Public Release: 

Dental oral craniofacial tissue regeneration consortia: A new paradigm

International & American Associations for Dental Research

Alexandria, VA, USA - The 47th Annual Meeting of the American Association for Dental Research (AADR), held in conjunction with the 42nd Annual Meeting of the Canadian Association for Dental Research (CADR), featured a symposium titled "Dental Oral Craniofacial Tissue Regeneration Consortia: A New Paradigm." The AADR/CADR Annual Meeting is in Fort Lauderdale, Fla., USA from March 21-24, 2018.

The ability to robustly and predictably regenerate dental, oral and craniofacial (DOC) tissues through tissue engineering and/or regenerative medicine strategies is a major goal for clinicians. While many technologies have shown proof of principle in small animals, few have made it into the clinic.

Many factors contribute the limited translation including technology development without a clinical context, use of animal models lacking clinical relevance, inability to demonstrate a superior lack of functional outcome against a standard of care and lack of a large dental and craniofacial presence in the biotech and pharmaceutical industries.

To overcome these limitations and develop resources and strategies to advance translation of innovative tissue engineering and regenerative medicine technologies in the DOC space, the National Institutes of Health (NIDCR) established the DOCTRC Program.

The DOCTRC Program involves clinicians from the beginning of technology development and is aimed at developing resources and strategies for regenerating DOC tissues. In 2017, stage II of this program was launched and two national resource centers were established: The Michigan-Pittsburgh-Wyss Resource Center and the Center for Dental, Oral, and Craniofacial Tissue and Organ Regeneration (C-DOCTOR), a consortium of California universities.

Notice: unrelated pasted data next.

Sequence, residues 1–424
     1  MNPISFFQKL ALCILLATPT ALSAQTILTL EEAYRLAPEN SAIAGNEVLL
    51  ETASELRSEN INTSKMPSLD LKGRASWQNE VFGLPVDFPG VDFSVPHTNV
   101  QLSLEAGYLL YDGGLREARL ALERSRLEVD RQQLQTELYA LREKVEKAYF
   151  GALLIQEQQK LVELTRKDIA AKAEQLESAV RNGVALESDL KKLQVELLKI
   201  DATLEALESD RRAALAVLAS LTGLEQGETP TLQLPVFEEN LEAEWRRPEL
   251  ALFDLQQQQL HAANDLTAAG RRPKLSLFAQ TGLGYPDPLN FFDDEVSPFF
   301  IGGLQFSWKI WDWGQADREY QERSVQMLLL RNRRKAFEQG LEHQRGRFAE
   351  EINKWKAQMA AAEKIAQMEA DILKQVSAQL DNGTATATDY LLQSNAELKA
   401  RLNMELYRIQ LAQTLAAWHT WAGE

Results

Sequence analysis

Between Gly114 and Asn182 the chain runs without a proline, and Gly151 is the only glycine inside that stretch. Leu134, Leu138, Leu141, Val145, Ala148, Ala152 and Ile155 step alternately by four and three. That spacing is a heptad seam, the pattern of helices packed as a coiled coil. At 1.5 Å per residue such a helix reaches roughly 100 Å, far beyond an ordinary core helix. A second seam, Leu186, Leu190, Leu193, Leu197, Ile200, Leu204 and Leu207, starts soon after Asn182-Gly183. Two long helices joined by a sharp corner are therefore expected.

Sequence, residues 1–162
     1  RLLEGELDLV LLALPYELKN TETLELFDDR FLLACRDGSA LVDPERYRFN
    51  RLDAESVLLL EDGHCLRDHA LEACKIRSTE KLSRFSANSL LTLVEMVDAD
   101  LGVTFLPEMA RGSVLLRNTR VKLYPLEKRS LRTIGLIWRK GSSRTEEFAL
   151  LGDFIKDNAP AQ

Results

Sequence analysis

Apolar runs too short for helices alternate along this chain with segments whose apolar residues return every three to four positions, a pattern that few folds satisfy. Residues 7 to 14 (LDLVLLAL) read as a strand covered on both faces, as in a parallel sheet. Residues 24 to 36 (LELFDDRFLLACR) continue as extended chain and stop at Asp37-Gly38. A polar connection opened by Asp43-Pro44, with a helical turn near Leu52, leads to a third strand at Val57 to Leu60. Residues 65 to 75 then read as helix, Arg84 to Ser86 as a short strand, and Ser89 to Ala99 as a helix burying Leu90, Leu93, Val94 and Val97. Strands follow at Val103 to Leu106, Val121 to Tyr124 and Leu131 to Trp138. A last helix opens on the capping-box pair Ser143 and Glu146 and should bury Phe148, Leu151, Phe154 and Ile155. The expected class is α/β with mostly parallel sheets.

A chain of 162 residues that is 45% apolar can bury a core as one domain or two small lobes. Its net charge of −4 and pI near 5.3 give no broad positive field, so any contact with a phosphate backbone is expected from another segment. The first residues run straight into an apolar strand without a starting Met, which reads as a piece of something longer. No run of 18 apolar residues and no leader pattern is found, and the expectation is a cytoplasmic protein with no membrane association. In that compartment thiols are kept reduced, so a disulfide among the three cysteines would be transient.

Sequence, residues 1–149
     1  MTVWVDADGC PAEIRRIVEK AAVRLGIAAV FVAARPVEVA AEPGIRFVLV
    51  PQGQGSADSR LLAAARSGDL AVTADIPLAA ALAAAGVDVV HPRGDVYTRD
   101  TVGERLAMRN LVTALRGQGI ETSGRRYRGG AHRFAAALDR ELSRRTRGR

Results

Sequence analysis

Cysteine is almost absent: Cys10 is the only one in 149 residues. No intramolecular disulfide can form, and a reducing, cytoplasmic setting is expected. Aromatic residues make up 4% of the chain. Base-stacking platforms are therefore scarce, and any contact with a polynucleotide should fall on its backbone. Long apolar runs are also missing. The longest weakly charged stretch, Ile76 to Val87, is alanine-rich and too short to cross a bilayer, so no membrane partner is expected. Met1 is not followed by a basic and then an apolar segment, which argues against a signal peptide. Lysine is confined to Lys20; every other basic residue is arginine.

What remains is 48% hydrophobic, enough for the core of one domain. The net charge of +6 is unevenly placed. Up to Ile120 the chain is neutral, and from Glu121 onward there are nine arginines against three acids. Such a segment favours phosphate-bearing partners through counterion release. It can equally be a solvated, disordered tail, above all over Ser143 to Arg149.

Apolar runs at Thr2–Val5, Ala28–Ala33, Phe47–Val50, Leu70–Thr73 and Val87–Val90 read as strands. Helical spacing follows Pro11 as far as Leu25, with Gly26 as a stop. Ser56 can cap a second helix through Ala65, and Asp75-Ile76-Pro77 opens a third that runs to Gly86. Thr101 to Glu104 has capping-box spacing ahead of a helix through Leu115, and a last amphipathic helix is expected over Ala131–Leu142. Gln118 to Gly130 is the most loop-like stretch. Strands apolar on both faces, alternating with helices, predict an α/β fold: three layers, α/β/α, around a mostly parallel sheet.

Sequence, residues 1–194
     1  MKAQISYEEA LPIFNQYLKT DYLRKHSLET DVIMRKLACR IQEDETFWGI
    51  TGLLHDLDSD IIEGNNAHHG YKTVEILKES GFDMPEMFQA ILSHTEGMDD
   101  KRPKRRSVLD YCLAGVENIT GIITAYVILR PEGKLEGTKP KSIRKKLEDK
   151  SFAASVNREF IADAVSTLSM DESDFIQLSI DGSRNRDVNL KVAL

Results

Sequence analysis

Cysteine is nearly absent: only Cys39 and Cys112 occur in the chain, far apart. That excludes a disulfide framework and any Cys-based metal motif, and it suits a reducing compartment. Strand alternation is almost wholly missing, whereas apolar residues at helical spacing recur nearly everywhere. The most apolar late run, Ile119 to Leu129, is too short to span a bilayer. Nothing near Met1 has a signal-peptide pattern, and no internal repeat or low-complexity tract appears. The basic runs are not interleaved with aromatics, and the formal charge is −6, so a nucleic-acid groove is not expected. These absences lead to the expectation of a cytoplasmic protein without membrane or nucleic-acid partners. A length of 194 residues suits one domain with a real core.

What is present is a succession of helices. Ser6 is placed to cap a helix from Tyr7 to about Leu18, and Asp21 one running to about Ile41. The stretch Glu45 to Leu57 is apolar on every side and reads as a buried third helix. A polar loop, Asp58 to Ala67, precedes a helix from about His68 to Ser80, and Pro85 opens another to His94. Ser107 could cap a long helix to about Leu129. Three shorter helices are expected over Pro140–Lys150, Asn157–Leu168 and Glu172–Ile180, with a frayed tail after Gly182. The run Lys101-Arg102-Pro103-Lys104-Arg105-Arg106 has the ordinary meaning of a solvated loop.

This symposium features talks from Martha Somerman, Director of the NIDCR, Bethesda, Md.; Editor-in-Chief of the Journal of Dental Research William Giannobile, University of Michigan, Ann Arbor; Yang Chai, Ostrow School of Dentistry, University of Southern California, Los Angeles and Charles Sfeir, University of Pittsburgh, Pittsburgh, Pa. The event organizers and co-chairs are David Kohn, University of Michigan, Ann Arbor and Jeff Lotz, University of California, San Francisco.

The symposium was held on Friday, March 23 at 8 a.m. in Floridian A of the Greater Fort Lauderdale/Broward County Convention Center in Fort Lauderdale, Fla., USA.


For information more on the emerging field of regenerative medicine, view the editorial "Dental, Oral, and Craniofacial Regenerative Medicine: Transforming Biotechnologies for Innovating Patient Care" published in the April issue of the Journal of Dental Research (JDR). There will be free 30 day access to this Editor's Choice article.

About the American Association for Dental Research

The American Association for Dental Research (AADR), headquartered in Alexandria, Va., is a nonprofit organization with over 3,400 members in the United States. Its mission is: (1) to advance research and increase knowledge for the improvement of oral health; (2) to support and represent the oral health research community; and (3) to facilitate the communication and application of research findings. AADR is the largest Division of the International Association for Dental Research (IADR). To learn more about the AADR, visit

About the Journal of Dental Research

The IADR/AADR Journal of Dental Research (JDR) is a multidisciplinary journal dedicated to the dissemination of new knowledge in all sciences relevant to dentistry and the oral cavity and associated structures in health and disease. At 0.02225, the JDR holds the highest Eigenfactor® Score of all dental journals publishing original research. The JDR ranks #1in Article Influence and #2 in the Two-Year Journal Impact Factor rankings with a rating of 4.755 according to the 2016 Journal Citation Reports® (Clarivate Analytics, 2017).

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